TAT-mediated delivery of tousled protein to salivary glands protects against radiation-induced hypofunction

Gulshan Sunavala-Dossabhoy, Senthilnathan Palaniyandi, Charles Richardson, Arrigo De Benedetti, Lisa Schrott, Gloria Caldito

Research output: Contribution to journalArticlepeer-review

17 Scopus citations


Purpose: Patients treated with radiotherapy for head-and-neck cancer invariably suffer its deleterious side effect, xerostomia. Salivary hypofunction ensuing from the irreversible destruction of glands is the most common and debilitating oral complication affecting patients undergoing regional radiotherapy. Given that the current management of xerostomia is palliative and ineffective, efforts are now directed toward preventive measures to preserve gland function. The human homolog of Tousled protein, TLK1B, facilitates chromatin remodeling at DNA repair sites and improves cell survival against ionizing radiation (IR). Therefore, we wanted to determine whether a direct transfer of TLK1B protein to rat salivary glands could protect against IR-induced salivary hypofunction. Methods: The cell-permeable TAT-TLK1B fusion protein was generated. Rat acinar cell line and rat salivary glands were pretreated with TAT peptide or TAT-TLK1B before IR. The acinar cell survival in vitro and salivary function in vivo were assessed after radiation. Results: We demonstrated that rat acinar cells transduced with TAT-TLK1B were more resistant to radiation (D 0 = 4.13 ± 1.0 Gy; α/β = 0 Gy) compared with cells transduced with the TAT peptide (D 0 = 4.91 ± 1.0 Gy; α/β = 20.2 Gy). Correspondingly, retroductal instillation of TAT-TLK1B in rat submandibular glands better preserved salivary flow after IR (89%) compared with animals pretreated with Opti-MEM or TAT peptide (31% and 39%, respectively; p < 0.01). Conclusions: The results demonstrate that a direct transfer of TLK1B protein to the salivary glands effectively attenuates radiation-mediated gland dysfunction. Prophylactic TLK1B-protein therapy could benefit patients undergoing radiotherapy for head-and-neck cancer.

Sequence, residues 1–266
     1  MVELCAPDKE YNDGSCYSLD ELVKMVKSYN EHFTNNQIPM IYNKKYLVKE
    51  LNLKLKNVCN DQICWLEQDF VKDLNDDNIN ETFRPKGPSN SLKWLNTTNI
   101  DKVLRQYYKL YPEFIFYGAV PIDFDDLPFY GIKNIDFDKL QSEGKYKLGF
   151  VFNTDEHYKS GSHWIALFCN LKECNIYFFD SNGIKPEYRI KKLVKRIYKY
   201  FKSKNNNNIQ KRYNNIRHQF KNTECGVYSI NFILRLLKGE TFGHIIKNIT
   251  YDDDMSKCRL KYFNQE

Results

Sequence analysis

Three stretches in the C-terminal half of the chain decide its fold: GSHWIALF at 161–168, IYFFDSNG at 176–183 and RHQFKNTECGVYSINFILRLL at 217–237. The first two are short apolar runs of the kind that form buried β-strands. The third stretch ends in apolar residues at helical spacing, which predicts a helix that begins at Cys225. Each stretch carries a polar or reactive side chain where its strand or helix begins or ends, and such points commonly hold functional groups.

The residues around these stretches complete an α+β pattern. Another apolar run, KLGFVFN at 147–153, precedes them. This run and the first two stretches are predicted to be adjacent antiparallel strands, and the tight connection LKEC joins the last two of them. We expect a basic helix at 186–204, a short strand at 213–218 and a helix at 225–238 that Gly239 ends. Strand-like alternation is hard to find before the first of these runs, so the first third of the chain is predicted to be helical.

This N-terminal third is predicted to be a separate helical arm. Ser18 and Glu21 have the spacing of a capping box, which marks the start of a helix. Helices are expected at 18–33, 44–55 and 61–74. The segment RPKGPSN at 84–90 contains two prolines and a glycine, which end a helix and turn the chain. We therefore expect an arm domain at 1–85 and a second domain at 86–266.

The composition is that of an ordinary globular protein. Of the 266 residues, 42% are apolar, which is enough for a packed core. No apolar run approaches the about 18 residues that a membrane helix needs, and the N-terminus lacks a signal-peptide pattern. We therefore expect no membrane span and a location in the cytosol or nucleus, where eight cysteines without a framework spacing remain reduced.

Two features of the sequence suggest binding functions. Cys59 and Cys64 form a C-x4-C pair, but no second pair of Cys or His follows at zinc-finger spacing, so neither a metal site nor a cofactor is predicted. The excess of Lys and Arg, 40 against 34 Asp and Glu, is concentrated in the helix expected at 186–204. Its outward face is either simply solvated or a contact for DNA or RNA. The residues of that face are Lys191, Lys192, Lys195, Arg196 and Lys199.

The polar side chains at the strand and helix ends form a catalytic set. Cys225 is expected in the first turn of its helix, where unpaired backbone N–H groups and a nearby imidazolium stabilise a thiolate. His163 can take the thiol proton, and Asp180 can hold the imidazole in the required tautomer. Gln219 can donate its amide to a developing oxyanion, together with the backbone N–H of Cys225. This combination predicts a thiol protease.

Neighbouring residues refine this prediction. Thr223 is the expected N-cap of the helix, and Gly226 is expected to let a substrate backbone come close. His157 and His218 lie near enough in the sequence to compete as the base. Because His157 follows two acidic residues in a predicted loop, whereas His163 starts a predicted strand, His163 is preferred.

Original languageEnglish
Pages (from-to)257-265
Number of pages9
JournalInternational Journal of Radiation Oncology Biology Physics
Issue number1
StatePublished - Sep 1 2012


  • Head and neck cancer
  • Radiotherapy
  • Salivary glands
  • TLK1
  • Tousled
  • Xerostomia

ASJC Scopus subject areas

  • Radiation
  • Oncology
  • Radiology Nuclear Medicine and imaging
  • Cancer Research


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